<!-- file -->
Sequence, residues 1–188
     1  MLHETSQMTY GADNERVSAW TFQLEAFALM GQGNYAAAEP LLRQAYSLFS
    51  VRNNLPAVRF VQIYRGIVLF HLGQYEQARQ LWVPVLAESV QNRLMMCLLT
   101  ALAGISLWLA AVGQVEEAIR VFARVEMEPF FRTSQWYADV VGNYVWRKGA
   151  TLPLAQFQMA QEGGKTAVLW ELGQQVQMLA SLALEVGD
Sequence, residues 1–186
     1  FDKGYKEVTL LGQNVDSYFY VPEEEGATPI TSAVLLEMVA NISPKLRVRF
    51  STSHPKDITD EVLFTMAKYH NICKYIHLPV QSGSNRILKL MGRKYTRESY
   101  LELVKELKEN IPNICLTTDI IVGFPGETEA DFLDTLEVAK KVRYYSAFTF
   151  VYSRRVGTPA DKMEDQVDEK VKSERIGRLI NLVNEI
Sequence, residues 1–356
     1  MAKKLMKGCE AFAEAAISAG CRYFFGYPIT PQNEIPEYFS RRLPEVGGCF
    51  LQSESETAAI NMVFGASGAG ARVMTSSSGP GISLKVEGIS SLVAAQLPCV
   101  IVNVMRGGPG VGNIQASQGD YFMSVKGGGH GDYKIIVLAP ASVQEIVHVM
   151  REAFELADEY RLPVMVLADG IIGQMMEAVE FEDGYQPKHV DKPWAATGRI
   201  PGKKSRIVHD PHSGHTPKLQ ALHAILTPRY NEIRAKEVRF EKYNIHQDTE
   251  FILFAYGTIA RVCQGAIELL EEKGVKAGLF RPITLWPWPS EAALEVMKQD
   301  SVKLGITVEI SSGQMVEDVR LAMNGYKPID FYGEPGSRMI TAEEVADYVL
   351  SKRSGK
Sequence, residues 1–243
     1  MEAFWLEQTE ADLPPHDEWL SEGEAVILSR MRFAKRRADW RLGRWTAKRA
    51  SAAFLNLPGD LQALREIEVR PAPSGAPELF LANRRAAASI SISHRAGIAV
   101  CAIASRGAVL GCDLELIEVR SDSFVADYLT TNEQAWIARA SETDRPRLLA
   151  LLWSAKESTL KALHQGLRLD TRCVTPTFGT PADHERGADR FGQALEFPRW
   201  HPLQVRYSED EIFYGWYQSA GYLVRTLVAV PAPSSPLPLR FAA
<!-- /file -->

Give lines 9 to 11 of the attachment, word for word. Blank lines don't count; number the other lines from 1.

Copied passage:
   101  LELVKELKEN IPNICLTTDI IVGFPGETEA DFLDTLEVAK KVRYYSAFTF
   151  VYSRRVGTPA DKMEDQVDEK VKSERIGRLI NLVNEI
Sequence, residues 1–356